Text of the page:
October 29, 2001
Dear Ms. Zapalski:
Mr. Alexander Danel asked me to express my opinion as to the accuracy and
appropriateness of the publicity that the National Broadcating Company has
placed on its website and presumably also on the air to advertise its
upcoming mini-series entitled "Uprising." I am the director of Columbia
University’s East Central European Center and Executive Director of its
Institute for the Study of Europe. I received my Ph.D. in modern East
Central European history at Columbia and am a specialist in the modern
history and politics of that region.
The particular phrase to which Mr. Danel drew my attention is as follows:
Against impossible odds, they held off the German army
longer than the entire country of Poland, determined to live with honor
- and if need be, die with honor - while lighting the torch for resistance
in the occupied territories.
It seems to me that the Ghetto fighters are poorly served by advertising
that is simply inaccurate. To be sure, the odds were impossible, and the
Jewish Fighting Organization members did live and die with honor.
However, they did not hold off the German army army longer than the entire
country of Poland. This is factually wrong. I assume that the NBC
publicists are referring to the September Campaign, which lasted from the
German onslaught on September 1 to the surrender of the last organized
Polish army units on October 5, 1939.
That, however, takes nothing away from the Ghetto fighters, whose struggle
lasted an impossibly long and tragically short four weeks and ended with the
deaths, or deportation and extermination, of some 56,000 Jews. The Warsaw
Uprising that took place a year later lasted nine weeks, cost the lives of
nearly 250,000 civilians who, like the Jews in the Ghetto a year earlier,
lived and died with honor. Both risings were part of a struggle waged by
the citizens of Poland against Nazi aggression that lasted from September 1,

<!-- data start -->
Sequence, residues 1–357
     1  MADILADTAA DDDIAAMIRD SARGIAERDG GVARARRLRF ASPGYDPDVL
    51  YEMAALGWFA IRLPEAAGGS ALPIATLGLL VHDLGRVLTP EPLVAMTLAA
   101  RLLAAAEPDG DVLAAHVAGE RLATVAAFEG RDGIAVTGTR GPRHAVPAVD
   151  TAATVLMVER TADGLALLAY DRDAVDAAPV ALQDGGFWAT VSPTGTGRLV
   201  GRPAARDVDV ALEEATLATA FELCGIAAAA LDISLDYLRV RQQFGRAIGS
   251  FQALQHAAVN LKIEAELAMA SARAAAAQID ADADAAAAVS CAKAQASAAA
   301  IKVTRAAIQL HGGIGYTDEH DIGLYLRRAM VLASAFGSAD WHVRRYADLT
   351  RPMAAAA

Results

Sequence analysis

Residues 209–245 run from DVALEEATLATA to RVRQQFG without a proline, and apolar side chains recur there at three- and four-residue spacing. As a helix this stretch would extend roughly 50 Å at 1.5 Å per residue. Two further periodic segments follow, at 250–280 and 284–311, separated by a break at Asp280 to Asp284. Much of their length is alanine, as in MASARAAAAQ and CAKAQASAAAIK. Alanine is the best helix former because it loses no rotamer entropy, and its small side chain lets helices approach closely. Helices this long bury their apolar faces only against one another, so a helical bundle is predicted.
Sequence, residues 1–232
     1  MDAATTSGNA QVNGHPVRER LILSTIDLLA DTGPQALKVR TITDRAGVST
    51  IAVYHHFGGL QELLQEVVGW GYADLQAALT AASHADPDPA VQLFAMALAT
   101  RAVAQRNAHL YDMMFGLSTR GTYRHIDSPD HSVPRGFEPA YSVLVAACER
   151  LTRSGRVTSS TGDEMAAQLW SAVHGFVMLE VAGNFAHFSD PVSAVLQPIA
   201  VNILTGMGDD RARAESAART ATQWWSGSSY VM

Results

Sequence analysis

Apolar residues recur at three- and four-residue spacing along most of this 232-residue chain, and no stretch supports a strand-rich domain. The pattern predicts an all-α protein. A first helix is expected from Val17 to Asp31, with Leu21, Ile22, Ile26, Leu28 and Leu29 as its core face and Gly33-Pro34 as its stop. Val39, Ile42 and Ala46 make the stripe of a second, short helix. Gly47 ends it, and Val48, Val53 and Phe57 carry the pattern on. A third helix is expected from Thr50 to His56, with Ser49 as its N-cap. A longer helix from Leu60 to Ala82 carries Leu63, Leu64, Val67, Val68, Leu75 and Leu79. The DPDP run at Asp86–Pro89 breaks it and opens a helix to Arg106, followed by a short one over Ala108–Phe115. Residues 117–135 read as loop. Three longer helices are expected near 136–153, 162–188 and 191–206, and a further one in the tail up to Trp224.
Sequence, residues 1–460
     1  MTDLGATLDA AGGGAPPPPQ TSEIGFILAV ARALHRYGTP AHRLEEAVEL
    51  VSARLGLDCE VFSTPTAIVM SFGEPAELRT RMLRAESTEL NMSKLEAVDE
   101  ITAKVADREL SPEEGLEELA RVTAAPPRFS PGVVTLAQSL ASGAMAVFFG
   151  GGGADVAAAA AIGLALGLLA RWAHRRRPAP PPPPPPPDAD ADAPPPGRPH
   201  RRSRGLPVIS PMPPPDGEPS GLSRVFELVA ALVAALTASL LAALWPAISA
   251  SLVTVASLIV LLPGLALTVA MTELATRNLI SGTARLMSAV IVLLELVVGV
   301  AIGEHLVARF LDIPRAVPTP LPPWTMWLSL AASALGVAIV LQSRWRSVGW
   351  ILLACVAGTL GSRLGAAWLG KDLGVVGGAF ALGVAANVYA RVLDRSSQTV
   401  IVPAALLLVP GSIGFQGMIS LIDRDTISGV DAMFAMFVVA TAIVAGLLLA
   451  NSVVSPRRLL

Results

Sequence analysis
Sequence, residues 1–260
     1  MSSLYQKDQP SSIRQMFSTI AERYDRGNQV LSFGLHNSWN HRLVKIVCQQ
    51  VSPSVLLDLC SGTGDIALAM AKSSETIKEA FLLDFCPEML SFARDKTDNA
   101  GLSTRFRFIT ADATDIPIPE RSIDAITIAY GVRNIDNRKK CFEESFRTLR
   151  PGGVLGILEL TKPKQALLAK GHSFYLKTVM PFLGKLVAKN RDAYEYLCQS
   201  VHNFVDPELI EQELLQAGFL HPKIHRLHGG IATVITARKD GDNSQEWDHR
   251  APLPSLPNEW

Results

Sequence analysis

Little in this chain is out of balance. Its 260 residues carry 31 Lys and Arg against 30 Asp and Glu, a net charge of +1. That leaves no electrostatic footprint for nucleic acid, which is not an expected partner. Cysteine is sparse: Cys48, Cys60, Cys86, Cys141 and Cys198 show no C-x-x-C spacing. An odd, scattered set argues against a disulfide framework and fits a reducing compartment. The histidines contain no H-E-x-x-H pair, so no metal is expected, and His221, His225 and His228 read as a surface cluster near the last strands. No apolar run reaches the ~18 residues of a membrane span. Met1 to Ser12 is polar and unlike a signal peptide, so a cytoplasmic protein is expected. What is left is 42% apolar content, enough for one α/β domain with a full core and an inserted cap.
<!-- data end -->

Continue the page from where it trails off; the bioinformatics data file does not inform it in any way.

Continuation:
1939 until the end of the war in Europe. Citing Professor Joseph
Rothschild, my late colleague here at Columbia and a leading political
historian of the region, during that time
the achievements of the Polish resistance movement were indeed prodigious.
It tied down approximately 500,000 German occupation troops and, according
to official German figures, prevented one out of every eight Wehrmacht
transports headed for the Russian front from reaching its destination. The
climax of the Polish resistance movement was the heroic but abortive Warsaw
insurrections of August 1 to October 2, 1994. Jewish uprisings had also
been launched and repressed earlier in the ghettos of Warsaw (April 19-May
16, 1943), and of Bialystok and Wilno (September 1943). Abroad, substantial
Polish military units fought against the Germans on most Allied fronts:
Norway, France, the Battle of Britain, North Africa, Italy, Normandy, the
Lower Rhine, and the Soviet Union.
In this context, the Ghetto Uprising was part of a larger anti-Nazi Polish
effort. Comparing the Ghetto Uprising to that larger effort seems pointless
and ultimately demeaning to the Ghetto fighters. And it counters a more
insidious and erroneous impression that all Jews in the various ghettos
reacted passively to their annihilation. Perhaps a more accurate and fitting
way to put it might be
Against impossible odds, they held off the German army with little hope for
rescue, determined to live with honor - and if need be, die with honor -
while passing the torch for resistance in the occupied territories.
NBC has little to gain from alienating the veterans and descendents of the
survivors of those dark days in these dark days. Better to stick to the
facts, which the facts really do speak for themselves.
Dr. John S. Micgiel